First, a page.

32. On the military level, the armistice agreements have localized the conflict, and stopped the bloodshed, destruction and damage. Unfortunately, these agreements have not been transformed into peace. On the economic level, no flexibility has been introduced into a system which is essentially temporary. The maintenance of such a situation, contrary to the very spirit of these agreements, tends to raise problems and create a tension that is accentuated by the maintenance of a blockade.
33. It would he dangerous to think that the existence of armistice lines would be sufficient to maintain a state of peace even when guaranteed by three great Powers. If regional economic disequilibrium should persist, and if, inside the various countries, subversive elements were likely to find material for their propaganda in the poverty of some countries and in the suffocation of others, there would be a danger that desperate solutions might appear to be the simplest. There would be a temptation to resort to direct action in both domestic and foreign affairs.
34. The maintenance of a political status quo is apparently easy, it cannot establish real stability or protect economic development and social progress. It would be a mistake to be deceived by the apparent, Solidity of such a structure if the standards of living are not raised and a more equitable economic and social system established. To entertain such delusions would be to abandon to revolutionary intrigues a sector that had been thought saved. These areas would then be in danger of internal collapse in whole sections without even having been attacked by an external enemy.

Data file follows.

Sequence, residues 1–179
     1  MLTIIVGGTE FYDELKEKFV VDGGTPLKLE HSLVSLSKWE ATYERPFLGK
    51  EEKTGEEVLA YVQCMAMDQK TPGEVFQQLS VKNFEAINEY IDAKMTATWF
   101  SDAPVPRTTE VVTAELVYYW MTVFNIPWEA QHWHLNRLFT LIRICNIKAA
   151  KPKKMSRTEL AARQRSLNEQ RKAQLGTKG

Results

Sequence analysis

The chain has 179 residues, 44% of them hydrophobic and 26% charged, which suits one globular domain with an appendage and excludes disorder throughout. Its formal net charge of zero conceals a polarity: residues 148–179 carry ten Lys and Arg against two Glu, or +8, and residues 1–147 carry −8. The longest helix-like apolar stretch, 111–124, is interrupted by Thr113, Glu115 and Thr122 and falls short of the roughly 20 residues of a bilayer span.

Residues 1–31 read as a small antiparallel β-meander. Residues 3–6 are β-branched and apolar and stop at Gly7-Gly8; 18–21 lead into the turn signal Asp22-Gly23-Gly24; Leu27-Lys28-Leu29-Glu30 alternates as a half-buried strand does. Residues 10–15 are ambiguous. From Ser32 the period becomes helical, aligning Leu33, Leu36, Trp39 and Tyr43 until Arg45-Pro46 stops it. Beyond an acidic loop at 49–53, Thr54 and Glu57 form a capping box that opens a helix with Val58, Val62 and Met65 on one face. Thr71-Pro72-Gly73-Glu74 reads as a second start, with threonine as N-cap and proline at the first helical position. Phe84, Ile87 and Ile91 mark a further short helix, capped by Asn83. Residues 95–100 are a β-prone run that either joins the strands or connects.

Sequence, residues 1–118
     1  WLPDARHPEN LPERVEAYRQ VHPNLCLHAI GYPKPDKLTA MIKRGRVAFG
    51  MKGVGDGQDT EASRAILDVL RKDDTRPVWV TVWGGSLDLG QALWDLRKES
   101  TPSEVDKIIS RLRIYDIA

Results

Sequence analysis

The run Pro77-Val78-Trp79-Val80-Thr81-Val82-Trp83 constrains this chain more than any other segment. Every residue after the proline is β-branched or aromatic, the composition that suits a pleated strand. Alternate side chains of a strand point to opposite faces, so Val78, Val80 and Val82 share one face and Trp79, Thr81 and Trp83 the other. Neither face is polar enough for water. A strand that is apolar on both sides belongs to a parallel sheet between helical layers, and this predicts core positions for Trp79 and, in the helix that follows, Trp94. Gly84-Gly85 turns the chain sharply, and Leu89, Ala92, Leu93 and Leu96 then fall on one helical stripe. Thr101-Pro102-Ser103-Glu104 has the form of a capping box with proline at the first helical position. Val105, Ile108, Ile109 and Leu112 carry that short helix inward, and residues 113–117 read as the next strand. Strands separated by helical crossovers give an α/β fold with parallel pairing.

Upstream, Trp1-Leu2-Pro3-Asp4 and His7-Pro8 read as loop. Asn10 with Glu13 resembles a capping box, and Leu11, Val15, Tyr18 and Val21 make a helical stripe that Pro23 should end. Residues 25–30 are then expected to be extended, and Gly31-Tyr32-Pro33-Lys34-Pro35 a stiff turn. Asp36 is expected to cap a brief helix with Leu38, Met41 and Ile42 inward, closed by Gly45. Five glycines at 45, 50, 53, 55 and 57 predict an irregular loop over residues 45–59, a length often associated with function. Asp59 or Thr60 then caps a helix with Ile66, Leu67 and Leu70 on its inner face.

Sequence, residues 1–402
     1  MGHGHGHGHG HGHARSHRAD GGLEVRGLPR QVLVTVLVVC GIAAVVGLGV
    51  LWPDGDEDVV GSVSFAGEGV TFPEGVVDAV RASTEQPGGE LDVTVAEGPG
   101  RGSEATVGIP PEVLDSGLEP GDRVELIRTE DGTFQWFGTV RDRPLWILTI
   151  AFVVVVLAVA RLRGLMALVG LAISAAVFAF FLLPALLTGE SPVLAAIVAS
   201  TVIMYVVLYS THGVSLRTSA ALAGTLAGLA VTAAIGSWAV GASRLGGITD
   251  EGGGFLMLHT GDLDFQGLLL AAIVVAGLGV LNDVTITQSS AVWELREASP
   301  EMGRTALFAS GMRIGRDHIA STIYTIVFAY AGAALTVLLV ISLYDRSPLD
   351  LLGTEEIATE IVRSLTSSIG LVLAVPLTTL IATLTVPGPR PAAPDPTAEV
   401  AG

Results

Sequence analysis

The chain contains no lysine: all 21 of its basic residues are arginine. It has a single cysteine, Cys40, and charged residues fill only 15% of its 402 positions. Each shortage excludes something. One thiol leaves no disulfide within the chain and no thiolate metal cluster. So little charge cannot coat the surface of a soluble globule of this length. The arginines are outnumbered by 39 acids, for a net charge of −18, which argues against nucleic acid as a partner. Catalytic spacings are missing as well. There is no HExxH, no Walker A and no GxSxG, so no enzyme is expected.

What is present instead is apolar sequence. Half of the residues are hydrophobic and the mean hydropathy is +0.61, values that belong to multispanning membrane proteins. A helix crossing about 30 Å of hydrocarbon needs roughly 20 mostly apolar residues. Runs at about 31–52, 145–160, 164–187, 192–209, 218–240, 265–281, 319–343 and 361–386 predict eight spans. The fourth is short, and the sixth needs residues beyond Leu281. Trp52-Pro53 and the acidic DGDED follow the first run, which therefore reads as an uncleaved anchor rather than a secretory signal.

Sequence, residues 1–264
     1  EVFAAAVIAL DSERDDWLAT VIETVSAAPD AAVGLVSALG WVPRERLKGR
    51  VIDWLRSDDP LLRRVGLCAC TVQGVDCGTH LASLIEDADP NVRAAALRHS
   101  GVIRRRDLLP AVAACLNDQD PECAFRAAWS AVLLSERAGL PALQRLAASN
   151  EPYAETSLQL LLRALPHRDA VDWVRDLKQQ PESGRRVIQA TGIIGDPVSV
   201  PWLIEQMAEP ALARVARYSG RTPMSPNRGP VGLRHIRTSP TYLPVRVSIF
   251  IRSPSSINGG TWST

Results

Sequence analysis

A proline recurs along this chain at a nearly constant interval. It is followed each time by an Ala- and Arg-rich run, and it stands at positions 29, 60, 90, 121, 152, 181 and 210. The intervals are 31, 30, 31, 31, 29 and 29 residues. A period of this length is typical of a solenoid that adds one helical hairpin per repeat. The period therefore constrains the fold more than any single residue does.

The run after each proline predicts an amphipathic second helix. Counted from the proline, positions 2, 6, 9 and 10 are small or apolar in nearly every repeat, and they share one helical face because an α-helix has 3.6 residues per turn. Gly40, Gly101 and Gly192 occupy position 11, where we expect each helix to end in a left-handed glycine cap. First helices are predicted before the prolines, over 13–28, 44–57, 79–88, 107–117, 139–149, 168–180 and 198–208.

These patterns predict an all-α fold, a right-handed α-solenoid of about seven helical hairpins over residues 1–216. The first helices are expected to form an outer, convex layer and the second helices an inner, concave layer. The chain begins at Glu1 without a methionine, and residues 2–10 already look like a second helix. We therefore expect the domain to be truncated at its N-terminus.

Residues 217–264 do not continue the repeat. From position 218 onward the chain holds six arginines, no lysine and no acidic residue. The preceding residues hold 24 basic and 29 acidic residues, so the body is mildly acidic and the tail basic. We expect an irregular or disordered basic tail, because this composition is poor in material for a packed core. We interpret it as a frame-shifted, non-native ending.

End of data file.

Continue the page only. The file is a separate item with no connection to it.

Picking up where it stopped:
Government House, Jerusalem
18 October 1950.
1/Document A/1367, page 64
2/Document A/1367, page 61
3/The magazine The Economist expressed the view that on a conservative estimate the value of foodstuffs smuggled from the Arab to Israeli part of Jerusalem amounted to 150,000 Palestinian pounds in November, 1949. (The Economist, London, 21 January, 1950)
4/In a confidential report published by the Economic Division of the Israeli Ministry of Foreign Affairs under the title “Principles for the Revival of Economic Relations between Israel and the Arab States”, the Israeli experts concluded that the Arab States had more to gain from a rapprochement than Israel. They considered that from Egypt, Israel might import annually 5,000,000 pounds worth of cotton, oil cakes and minerals and chemical products, whereas Israel would only be able to export to that country goods to the value of 350,000 pounds. About 2,300,000 pounds’ worth of cereals and fruits might be brought from Lebanon and Syria, but little or nothing could be sold to those countries. About 350,000 pounds’ worth off food products might be imported from Jordan, but Israeli exports would not amount to 75,000 pounds. At present, these goods are bought elsewhere, but their price is increased by transport charges.
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Aperçu général de la situation économique résultant des hostilités en Palestine et l'extension du régime d'armistice - CCNUP Document de travail Français